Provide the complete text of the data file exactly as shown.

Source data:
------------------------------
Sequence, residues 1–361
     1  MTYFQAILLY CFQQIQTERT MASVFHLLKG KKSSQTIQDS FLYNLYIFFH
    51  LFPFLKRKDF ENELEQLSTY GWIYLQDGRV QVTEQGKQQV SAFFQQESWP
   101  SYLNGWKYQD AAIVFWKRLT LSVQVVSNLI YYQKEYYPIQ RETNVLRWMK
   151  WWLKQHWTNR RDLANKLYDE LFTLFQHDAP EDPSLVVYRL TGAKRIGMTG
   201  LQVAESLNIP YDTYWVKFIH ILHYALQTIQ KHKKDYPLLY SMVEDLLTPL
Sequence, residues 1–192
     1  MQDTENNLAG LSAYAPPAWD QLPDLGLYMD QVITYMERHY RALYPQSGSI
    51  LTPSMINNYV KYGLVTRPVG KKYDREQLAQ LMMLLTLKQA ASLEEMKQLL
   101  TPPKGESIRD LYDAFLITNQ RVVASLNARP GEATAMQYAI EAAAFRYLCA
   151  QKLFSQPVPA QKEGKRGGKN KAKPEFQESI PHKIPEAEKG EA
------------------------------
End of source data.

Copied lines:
Sequence, residues 1–361
     1  MTYFQAILLY CFQQIQTERT MASVFHLLKG KKSSQTIQDS FLYNLYIFFH
    51  LFPFLKRKDF ENELEQLSTY GWIYLQDGRV QVTEQGKQQV SAFFQQESWP
   101  SYLNGWKYQD AAIVFWKRLT LSVQVVSNLI YYQKEYYPIQ RETNVLRWMK
   151  WWLKQHWTNR RDLANKLYDE LFTLFQHDAP EDPSLVVYRL TGAKRIGMTG
   201  LQVAESLNIP YDTYWVKFIH ILHYALQTIQ KHKKDYPLLY SMVEDLLTPL
Sequence, residues 1–192
     1  MQDTENNLAG LSAYAPPAWD QLPDLGLYMD QVITYMERHY RALYPQSGSI
    51  LTPSMINNYV KYGLVTRPVG KKYDREQLAQ LMMLLTLKQA ASLEEMKQLL
   101  TPPKGESIRD LYDAFLITNQ RVVASLNARP GEATAMQYAI EAAAFRYLCA
   151  QKLFSQPVPA QKEGKRGGKN KAKPEFQESI PHKIPEAEKG EA